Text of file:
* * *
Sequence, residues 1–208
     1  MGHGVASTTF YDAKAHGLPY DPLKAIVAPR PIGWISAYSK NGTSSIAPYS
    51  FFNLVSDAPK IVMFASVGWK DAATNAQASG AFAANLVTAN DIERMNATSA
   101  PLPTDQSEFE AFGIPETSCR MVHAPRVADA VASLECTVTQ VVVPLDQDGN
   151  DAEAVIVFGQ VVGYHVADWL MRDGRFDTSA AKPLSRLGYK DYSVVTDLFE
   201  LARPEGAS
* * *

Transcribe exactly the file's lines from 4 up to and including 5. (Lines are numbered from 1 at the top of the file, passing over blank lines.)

   101  PLPTDQSEFE AFGIPETSCR MVHAPRVADA VASLECTVTQ VVVPLDQDGN
   151  DAEAVIVFGQ VVGYHVADWL MRDGRFDTSA AKPLSRLGYK DYSVVTDLFE